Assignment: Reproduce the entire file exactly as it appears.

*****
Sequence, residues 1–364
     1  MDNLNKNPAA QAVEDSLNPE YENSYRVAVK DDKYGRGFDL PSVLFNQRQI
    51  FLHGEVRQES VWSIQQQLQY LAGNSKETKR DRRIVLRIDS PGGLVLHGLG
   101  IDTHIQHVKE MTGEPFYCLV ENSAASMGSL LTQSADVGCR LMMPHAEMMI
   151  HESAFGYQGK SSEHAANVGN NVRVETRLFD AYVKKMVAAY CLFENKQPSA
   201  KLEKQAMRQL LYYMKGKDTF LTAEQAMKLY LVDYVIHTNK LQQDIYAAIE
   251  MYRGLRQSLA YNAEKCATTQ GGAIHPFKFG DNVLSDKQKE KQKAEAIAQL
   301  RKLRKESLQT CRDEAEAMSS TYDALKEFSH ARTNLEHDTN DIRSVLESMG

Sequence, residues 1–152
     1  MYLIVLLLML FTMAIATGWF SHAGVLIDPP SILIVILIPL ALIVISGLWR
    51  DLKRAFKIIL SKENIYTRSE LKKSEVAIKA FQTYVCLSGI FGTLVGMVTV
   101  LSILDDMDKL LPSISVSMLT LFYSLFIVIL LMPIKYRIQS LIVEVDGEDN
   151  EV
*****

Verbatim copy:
Sequence, residues 1–364
     1  MDNLNKNPAA QAVEDSLNPE YENSYRVAVK DDKYGRGFDL PSVLFNQRQI
    51  FLHGEVRQES VWSIQQQLQY LAGNSKETKR DRRIVLRIDS PGGLVLHGLG
   101  IDTHIQHVKE MTGEPFYCLV ENSAASMGSL LTQSADVGCR LMMPHAEMMI
   151  HESAFGYQGK SSEHAANVGN NVRVETRLFD AYVKKMVAAY CLFENKQPSA
   201  KLEKQAMRQL LYYMKGKDTF LTAEQAMKLY LVDYVIHTNK LQQDIYAAIE
   251  MYRGLRQSLA YNAEKCATTQ GGAIHPFKFG DNVLSDKQKE KQKAEAIAQL
   301  RKLRKESLQT CRDEAEAMSS TYDALKEFSH ARTNLEHDTN DIRSVLESMG

Sequence, residues 1–152
     1  MYLIVLLLML FTMAIATGWF SHAGVLIDPP SILIVILIPL ALIVISGLWR
    51  DLKRAFKIIL SKENIYTRSE LKKSEVAIKA FQTYVCLSGI FGTLVGMVTV
   101  LSILDDMDKL LPSISVSMLT LFYSLFIVIL LMPIKYRIQS LIVEVDGEDN
   151  EV